Ransomware is a type of malware (malicious software) that has the final goal of convincing victims to pay for a decryption ransom in order to recover their compromised files or system. The payments are normally asked in digital currencies that are difficult to be traced, such as Bitcoin, Monero, or any other cryptocurrency.
A Ransomware attack may present itself in various different ways, being able to affect and disrupt not only individual systems but also the networks of businesses, banks, hospitals, airports, government agencies, and pretty much any company.
These malicious software are being constantly upgraded and are getting more and more sophisticated since the first registered occurrence, back in 1989. While the simple formats are, typically, non-encryption ransomware, the modern ones make use of cryptographic techniques as a way to encrypt the files of the victim, making them completely inaccessible. These encryption ransomware may also be used on hard drives as a way to completely lock a computer operating system, preventing the victim from accessing it.
As soon as a computer system is infected and successfully encrypted, the cybercriminal demands a ransom to the victim, claiming that the system (or files) will be recovered after the payment is made. However, there is no guarantee that the payments will be honored by the hackers and, in fact, many of them just run away with the money.
The popularity of ransomware has increased significantly in the last decade (especially in 2017) and as a financially motivated cyber attack. Ransomware attacks are currently one of the most prominent malware threat in the world - as reported by the European Union Agency for Law Enforcement Cooperation (also known as Europol). The report is called IOCTA 2018 and can be found on this link.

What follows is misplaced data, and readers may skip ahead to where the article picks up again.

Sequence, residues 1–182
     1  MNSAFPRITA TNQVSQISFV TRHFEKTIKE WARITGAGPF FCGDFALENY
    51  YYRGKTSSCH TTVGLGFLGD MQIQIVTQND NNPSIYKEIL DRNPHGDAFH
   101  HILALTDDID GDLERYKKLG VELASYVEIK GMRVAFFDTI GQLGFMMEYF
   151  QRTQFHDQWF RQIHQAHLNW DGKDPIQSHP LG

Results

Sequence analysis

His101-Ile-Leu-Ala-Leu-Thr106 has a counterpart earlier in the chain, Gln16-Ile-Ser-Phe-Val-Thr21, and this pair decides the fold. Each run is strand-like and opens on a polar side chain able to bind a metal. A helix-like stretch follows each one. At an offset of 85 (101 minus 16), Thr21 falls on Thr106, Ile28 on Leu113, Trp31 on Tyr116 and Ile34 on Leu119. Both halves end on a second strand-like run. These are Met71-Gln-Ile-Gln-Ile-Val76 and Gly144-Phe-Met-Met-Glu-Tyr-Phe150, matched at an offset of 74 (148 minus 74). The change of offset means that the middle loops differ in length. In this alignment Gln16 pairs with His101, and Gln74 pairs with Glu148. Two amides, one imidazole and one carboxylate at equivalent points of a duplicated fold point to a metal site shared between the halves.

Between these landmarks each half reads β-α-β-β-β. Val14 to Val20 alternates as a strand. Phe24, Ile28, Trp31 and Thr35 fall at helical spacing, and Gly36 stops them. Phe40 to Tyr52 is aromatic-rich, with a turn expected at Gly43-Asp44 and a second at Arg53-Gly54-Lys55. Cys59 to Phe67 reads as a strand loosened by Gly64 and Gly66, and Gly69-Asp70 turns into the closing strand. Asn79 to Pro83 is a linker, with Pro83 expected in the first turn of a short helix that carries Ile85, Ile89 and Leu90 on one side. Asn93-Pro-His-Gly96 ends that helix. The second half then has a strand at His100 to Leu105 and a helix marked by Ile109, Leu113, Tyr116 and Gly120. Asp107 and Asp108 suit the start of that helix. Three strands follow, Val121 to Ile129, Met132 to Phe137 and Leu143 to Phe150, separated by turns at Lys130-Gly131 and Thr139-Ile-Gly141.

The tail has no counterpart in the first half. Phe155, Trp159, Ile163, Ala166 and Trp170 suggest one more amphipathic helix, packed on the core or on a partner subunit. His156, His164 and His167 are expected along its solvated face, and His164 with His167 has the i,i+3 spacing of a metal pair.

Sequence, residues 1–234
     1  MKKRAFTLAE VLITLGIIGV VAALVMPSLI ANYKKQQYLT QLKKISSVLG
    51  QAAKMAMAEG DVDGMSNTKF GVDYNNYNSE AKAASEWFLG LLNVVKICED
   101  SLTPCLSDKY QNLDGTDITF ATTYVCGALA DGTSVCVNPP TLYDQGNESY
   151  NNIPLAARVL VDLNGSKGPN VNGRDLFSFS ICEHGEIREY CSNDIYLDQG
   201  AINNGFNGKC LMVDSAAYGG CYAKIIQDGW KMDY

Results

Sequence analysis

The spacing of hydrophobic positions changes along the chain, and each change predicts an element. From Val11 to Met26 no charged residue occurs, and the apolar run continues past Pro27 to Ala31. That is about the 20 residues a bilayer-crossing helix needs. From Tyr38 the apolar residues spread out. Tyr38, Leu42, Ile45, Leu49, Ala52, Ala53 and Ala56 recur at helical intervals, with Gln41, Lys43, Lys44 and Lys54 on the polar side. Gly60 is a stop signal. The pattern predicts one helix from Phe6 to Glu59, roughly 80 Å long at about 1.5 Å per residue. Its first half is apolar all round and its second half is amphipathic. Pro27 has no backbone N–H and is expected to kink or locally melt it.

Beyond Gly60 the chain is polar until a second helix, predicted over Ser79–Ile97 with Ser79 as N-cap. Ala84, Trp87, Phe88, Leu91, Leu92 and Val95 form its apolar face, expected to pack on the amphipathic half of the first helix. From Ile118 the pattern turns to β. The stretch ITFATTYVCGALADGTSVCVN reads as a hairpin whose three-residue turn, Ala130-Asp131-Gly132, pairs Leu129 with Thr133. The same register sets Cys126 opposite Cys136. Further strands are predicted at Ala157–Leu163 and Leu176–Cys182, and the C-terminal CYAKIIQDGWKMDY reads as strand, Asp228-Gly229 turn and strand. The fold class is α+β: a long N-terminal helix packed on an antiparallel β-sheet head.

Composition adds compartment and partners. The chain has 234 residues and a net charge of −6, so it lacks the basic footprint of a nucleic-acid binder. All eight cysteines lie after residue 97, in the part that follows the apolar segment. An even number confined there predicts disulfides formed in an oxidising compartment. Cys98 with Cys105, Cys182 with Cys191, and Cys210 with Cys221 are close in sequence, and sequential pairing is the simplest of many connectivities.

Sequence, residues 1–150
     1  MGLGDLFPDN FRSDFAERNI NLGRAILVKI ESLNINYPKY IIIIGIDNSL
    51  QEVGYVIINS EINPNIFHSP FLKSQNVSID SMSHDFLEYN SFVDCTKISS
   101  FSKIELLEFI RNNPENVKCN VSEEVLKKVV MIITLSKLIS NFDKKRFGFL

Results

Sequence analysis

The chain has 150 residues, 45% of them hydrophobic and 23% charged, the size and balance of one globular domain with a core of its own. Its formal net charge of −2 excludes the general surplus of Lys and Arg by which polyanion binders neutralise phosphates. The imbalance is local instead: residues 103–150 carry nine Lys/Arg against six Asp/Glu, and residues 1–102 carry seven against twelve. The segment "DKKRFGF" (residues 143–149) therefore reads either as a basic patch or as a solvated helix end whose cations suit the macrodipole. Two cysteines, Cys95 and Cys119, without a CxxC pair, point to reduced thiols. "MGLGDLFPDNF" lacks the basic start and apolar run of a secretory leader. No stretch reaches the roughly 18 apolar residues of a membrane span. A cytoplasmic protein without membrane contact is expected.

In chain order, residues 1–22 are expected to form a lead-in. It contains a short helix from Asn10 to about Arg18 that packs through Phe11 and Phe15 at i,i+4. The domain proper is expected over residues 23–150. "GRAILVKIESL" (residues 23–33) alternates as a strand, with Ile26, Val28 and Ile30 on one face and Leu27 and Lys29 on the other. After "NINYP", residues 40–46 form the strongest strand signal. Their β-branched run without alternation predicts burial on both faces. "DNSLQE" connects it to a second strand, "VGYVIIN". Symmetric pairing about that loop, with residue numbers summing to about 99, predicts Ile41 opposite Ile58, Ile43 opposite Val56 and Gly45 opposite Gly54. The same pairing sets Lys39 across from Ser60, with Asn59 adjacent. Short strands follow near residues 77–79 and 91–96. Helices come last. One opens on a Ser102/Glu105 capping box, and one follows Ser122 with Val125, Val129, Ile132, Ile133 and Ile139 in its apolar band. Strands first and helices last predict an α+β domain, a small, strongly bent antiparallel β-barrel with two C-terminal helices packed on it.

Phishing emails are one of the most common methods used by cybercriminals for ransomware spreading. Phishing is a form of social engineering where the victims get infected by opening fraudulent links or attachments from emails that are disguised as legitimate.
Notable examples of previous Ransomware attacks include GrandCrab (2018), WannaCry (2017), Bad Rabbit (2017), and Locky (2016).
NoMoreRansom is a website created by law enforcement and IT security companies as a way to inform internauts about this kind of malicious attacks. The website offers free Ransomware decryption toolkits for infected users as well as advice on how to prevent becoming a victim.
For more detailed information check our full article about Ransomware on Binance Academy and stay tuned for more educational content.